Depending on the type of attention needed, there is often a question of whether to go to the emergency room or to see our primary care physician. There is, according to one study, a doctor shortage: the U.S. needs about 52,000 more primary care physicians by 2025 to meet our healthcare needs. In addition, Electrical Contractor magazine reported that in 2014, healthcare construction market lessened in 2014 by approximately 7 percent. Needless to say, emergency rooms are a bit more crowded than ever, with wait times longer than usual. While the medical construction industry was projected to see a renewed stability, that remains to be seen. Meanwhile, smaller facilities, such as a community health clinic or medical walk in clinic, are becoming more cost effective and common. Nevertheless, when your health is at stake, the decision of which facility will best treat your situation can be a difficult one.
These questions are especially relevant to those who may have little or no health coverage, particularly families. Children and the elderly tend to get sick more often, and may have a lot of emergency needs arise. Whether or not proof of insurance is required for treatment may be a deciding factor for some. In any case, the general guidelines to use in making the decision between the ER and an after hours urgent care or walk in health clinic. If you have a non-urgent condition, such as broken bones, flu, or mild allergic reactions, go to a clinic. If you have an urgent or extreme condition, such as a heart attack or severe burns, go straight to the ER, preferably via ambulance.
What about something like family planning or personal care, such as pregnancy or STD testing kits? In those cases, it depends on the extent of the symptoms. Left untreated, perhaps out of a lack of knowledge or a sense of embarrassment, STD symptoms could advance in a way that sends one to the ER, although a community health clinic can also provide confidential STD testing. Publicly funded clinics are an essential component of the nation?s health care, and will remain so. Although there is great room for improvement in all health care frontiers, the prevalence of primary care physicians, urgent care facilities, and emergency rooms, there?s a way for just about everyone to get the care they need.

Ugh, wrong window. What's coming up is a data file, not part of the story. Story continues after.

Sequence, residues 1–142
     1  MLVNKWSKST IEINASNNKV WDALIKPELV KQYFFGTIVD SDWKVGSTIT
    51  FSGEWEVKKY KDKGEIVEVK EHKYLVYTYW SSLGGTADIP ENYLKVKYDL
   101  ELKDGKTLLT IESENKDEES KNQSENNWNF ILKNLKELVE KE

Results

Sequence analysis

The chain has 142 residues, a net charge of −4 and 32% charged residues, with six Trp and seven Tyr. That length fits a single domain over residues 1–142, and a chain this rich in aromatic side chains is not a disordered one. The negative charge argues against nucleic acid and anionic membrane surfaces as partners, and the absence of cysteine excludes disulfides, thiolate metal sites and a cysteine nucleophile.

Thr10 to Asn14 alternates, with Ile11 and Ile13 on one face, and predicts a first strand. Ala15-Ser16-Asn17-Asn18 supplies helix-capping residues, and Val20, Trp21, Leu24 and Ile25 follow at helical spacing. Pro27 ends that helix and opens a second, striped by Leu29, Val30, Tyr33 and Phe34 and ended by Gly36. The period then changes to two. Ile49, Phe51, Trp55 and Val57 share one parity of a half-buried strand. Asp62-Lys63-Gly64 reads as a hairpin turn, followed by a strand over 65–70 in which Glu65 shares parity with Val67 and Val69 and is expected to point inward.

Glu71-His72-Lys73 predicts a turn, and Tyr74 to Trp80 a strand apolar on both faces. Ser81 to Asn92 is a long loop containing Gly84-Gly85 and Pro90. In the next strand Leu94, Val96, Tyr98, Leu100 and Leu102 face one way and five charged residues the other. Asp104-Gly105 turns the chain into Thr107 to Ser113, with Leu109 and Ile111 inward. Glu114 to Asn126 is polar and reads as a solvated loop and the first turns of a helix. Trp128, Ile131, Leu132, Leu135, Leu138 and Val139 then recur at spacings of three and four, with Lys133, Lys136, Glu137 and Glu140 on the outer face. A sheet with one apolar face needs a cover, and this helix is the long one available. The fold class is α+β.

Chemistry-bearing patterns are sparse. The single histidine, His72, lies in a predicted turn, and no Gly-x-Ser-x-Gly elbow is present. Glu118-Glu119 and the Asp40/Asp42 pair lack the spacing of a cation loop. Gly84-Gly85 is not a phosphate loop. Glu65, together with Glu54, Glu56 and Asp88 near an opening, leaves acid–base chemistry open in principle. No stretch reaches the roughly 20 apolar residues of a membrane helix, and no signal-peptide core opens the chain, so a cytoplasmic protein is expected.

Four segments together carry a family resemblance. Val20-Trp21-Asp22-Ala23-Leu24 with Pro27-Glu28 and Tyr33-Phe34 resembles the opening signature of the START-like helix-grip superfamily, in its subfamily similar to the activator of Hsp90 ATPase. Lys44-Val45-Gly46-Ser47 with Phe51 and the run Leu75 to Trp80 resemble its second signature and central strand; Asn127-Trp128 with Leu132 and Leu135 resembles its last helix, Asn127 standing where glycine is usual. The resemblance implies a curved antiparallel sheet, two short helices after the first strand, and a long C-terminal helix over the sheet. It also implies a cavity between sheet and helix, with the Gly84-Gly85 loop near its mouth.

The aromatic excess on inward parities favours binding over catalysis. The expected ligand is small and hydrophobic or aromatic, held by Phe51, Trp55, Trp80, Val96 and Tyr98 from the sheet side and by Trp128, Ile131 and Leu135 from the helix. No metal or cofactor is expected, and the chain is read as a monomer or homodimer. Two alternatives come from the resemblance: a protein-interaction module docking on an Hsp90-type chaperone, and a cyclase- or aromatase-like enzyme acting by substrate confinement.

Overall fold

An option for those concerned about personal sexual health is STD testing kits. STD testing kits cover a panel of potential STDs, usually including chlamydia, gonorrhea, HIV, hepatitis B, syphilis, and others. Speak to a doctor and arrange for a combination that suits your concerns, history, or known exposures. STD testing kits are available in different combinations and methods, from at home STD testing to in-clinic.
Anyone who is sexually active should be tested for STI and STDs. Ask to run STD testing kits for both you and, if applicable, your partner. It?s particularly important to get tested if you?re about to begin a new relationship, you have multiple partners, your partner has cheated on you, or if you have symptoms that concern you.
When you?re worried about something like family planning or STD testing, you don?t want to wait. At most urgent care clinics or neighborhood clinics, the average wait time to see a doctor or physician?s assistant is 45 minutes or less. Keep in mind the old adage, ?the sooner the better.? Taking care of sexual wellness should be a priority. Timeliness and cost are important factors, making your choice of facility a crucial element in personal health.